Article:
You’re hurting. You’re still hurting.
You haven’t quite gotten over all the things that have happened to you that still hang over your head like a terrible omen. You’re fine some days, but most of the time, you feel like you’re battling against a darker unidentifiable force somewhere deep inside and it’s evident as you feel a tightness in your chest.
You think you should have moved on by now and on good days, you do feel like you have moved on. You say, “I’m not going to let the past define my today,” and you’re satisfied. You think you can feel better just by saying positive affirmations. And they do make you feel a little better. Sometimes.
But the pain is still there. If you feel deeply and think it through, you know you’re not really okay. It’s something you’re tired of and you want to heal so badly, but you don’t know if moving on is even possible.
You feel traumatized from all the wrong paths you took, all the setbacks you’ve experienced, all the hurtful words from people you thought you could depend on, and the crippling fear that you’re never going to make up for all the ways that you’ve fallen short. You’re restless, even when you’re dead tired. You don’t know how you can face the day. You fake a smile here and there, but it never reaches your eyes. You’re still afraid. You’re still worried. You’re still sad.
You confide in some people. You write about it. You’re being honest about your anxiety and depression because pretending that you have no pain at all is worse for your mental health than just letting it all out.
Some people are supportive. And you’re grateful for them.
But somehow, there are people who roll their eyes and say, “Just get over it.”
These people dismiss your pain as a “first world problem.” They say they’ve overcome even more difficult circumstances than you and they’re quick to point out that there are billions of people around the world who lack all the resources you have and that you should be thankful and not bother complaining. They tell you to grow up and not coddle yourself with your petty feelings. They say you’re overreacting and that your pain is less valid than other people’s pain. They tell stories of so-and-so and how that person had it even worse than you and is doing so incredibly well today. They say that toughening up is the only solution and they don’t care if you have to bully yourself to do it.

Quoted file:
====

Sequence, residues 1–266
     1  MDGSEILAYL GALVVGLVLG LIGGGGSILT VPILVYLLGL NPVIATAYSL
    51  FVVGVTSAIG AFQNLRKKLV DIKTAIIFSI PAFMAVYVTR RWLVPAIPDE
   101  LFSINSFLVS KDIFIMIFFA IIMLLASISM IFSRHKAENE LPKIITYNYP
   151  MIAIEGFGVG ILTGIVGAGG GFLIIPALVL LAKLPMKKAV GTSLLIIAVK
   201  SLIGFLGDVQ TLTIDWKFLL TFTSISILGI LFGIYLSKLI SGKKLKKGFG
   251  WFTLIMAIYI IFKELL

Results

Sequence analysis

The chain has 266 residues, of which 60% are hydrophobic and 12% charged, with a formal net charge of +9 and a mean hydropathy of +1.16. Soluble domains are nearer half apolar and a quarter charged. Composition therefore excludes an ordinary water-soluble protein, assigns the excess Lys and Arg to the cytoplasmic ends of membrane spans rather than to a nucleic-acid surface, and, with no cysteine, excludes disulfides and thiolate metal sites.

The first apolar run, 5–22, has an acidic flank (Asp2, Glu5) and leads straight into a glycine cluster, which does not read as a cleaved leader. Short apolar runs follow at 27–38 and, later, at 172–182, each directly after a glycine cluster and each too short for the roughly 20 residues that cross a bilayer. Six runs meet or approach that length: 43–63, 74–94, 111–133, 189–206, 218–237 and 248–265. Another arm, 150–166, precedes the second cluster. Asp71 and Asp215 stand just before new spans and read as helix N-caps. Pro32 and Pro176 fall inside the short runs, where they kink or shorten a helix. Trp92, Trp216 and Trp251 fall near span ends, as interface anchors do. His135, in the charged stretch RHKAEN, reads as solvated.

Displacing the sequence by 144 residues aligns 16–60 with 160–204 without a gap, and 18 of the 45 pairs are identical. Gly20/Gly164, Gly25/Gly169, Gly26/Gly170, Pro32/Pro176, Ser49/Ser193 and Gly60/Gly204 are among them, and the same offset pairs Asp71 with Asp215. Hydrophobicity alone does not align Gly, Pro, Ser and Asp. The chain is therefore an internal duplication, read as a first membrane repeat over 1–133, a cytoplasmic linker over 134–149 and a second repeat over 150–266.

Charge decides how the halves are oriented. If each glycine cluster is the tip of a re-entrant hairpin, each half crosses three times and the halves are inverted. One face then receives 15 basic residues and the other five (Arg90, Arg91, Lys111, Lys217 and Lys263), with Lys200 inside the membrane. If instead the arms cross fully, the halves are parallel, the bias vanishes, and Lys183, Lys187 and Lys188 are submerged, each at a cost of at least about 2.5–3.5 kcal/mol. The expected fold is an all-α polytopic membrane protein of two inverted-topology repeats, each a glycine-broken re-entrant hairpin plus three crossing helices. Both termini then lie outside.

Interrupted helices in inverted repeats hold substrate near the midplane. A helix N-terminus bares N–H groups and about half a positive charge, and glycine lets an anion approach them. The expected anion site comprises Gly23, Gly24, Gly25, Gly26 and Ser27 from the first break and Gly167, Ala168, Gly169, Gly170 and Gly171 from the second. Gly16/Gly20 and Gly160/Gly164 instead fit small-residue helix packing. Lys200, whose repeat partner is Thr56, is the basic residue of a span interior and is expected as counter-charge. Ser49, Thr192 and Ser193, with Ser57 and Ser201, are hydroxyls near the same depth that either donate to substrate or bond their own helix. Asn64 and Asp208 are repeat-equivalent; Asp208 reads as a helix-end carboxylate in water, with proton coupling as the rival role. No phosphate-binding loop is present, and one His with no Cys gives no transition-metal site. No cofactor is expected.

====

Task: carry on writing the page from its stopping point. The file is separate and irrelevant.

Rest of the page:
You feel guilty for experiencing pain. You think that because your pain is labeled as trivial and self-indulgent nonsense, you don’t matter. The guilt somehow tricks you into thinking that you should be doing great and you’d better stop feeling sorry for yourself. It repeats the words of all the people who think your pain is just an excuse to throw a pity party.
But they’re wrong. It’s insensitive of them to compare your pain to other people’s. It’s downright cruel of them to expect you to be fine just because your life doesn’t seem as bad as other people’s on the surface. They have no right to belittle your pain. They have no right to say that you’re just looking for attention. It’s terribly rude of them to call you immature for taking so long to recover. You shouldn’t be mocked just because you’re feeling pain in a way that’s incomparable to someone else’s.
You’re allowed to feel what you feel. Don’t let anyone trivialize whatever it is you’re going through because your pain is valid and your experiences aren’t less significant than someone else’s. You’re allowed to slow down and take as much time as you need to heal because it’s impossible to rush the healing process to the point where you’re completely healed the next day.
Because feeling pain is not a fierce competition to see who’s had it worse and healing isn’t a race to see who’s the toughest. There isn’t a specific measuring system that invalidates the level of trauma someone went through. That cutoff doesn’t exist. All pain is valid and everyone deals with it in different ways. Your story is unique. And the way you heal may not meet someone’s expectations, but that doesn’t mean you should torture yourself over it.
Only you can identify what causes you to suffer. Only you can feel the intensity of the pain within. Only you can heal when you truly feel ready. Only you realize that healing takes time and effort. No one else can assume or judge anything about what they can’t feel or understand.
They may tear you down and crush you with overwhelming guilt, but only you have the power to rise and build yourself up again.
Because you matter.